Sugar is used to produce a variety of desserts and beverages, but with new studies, researchers may not be too far off from creating a synthetic liver with the help of sugar.

For years researchers and scientists have faced a number of hurdles while generating synthetically engineered cells.  These cells frequently died before the tissue could be formed, but with the use of 3D printers, scientists were able to use sugar as a building material.  

Dr. Jordan Miller and Dr. Christopher Chen, both from the University of Pennsylvania, and researchers from the Massachusetts Institute of Technology (MIT) teamed up to build a synthetic vascular system that would act the same way as blood vessels would. The obstacle they would face is keeping the cells from suffocating and, eventually, dying.

Professor Sangeeta Bhatia at MIT explained the technique that was used is comparable to creating the shape of a vase in wax.  According to Bhatia, it was a grueling process to construct organs big enough to provide the same beneficial function for one reason. If any tissue that is implanted is thicker than a millimeter, it would be hard to provide nutrients without having to engineer blood vessels into the new tissue.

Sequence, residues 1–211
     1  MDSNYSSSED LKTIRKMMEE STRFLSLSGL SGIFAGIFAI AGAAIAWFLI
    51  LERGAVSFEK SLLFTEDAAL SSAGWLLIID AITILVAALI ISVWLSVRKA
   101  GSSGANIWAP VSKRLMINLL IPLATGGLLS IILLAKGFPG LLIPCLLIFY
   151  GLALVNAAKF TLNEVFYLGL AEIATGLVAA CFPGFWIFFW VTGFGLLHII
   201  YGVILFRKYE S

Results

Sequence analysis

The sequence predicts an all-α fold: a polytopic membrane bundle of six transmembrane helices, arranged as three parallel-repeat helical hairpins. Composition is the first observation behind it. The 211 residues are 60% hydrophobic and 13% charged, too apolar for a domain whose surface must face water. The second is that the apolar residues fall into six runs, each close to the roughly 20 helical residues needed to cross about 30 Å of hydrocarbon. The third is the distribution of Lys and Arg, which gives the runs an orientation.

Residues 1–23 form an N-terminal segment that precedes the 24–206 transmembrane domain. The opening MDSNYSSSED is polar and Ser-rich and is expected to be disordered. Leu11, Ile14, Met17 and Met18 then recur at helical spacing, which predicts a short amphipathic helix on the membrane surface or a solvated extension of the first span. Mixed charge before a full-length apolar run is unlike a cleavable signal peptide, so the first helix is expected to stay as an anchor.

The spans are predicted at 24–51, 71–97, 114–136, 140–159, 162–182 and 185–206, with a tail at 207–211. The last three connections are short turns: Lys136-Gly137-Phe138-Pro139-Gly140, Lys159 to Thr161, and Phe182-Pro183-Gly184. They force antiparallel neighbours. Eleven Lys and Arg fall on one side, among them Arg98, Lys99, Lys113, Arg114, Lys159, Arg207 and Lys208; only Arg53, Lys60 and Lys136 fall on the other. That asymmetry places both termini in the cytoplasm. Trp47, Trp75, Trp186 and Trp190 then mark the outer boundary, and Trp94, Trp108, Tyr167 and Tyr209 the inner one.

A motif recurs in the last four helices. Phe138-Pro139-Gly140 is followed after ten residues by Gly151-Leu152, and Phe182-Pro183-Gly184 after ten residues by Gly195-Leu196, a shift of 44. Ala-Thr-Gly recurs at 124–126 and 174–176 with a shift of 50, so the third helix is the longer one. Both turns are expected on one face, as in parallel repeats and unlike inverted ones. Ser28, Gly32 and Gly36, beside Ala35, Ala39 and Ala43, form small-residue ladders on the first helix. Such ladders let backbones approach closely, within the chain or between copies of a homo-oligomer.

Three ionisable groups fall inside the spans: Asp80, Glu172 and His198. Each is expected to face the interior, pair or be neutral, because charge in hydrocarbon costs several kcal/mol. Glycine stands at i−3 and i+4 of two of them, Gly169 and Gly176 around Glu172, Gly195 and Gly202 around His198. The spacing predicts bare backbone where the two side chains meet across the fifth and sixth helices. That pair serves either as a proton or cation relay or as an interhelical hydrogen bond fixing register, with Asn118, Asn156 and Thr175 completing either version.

"Sugar is a very nice material that can be dissolved away in the presence of living tissue, it's very friendly to biological tissue,” Bhatia said to BBC.

Though researchers did not implant the tissue, the key point was to exhibit that 1) it was possible to construct thicker tissue and 2) ensure that it could be fed by the network of pipes, so it would be able to create an organ.

While this new discovery can lead to fundamental breakthroughs, Professor Martin Birchall, as surgeon at University College London, states there are still significant problems present in tissue engineering.  The next step is to test these findings on animals.

The study was published in Nature Materials.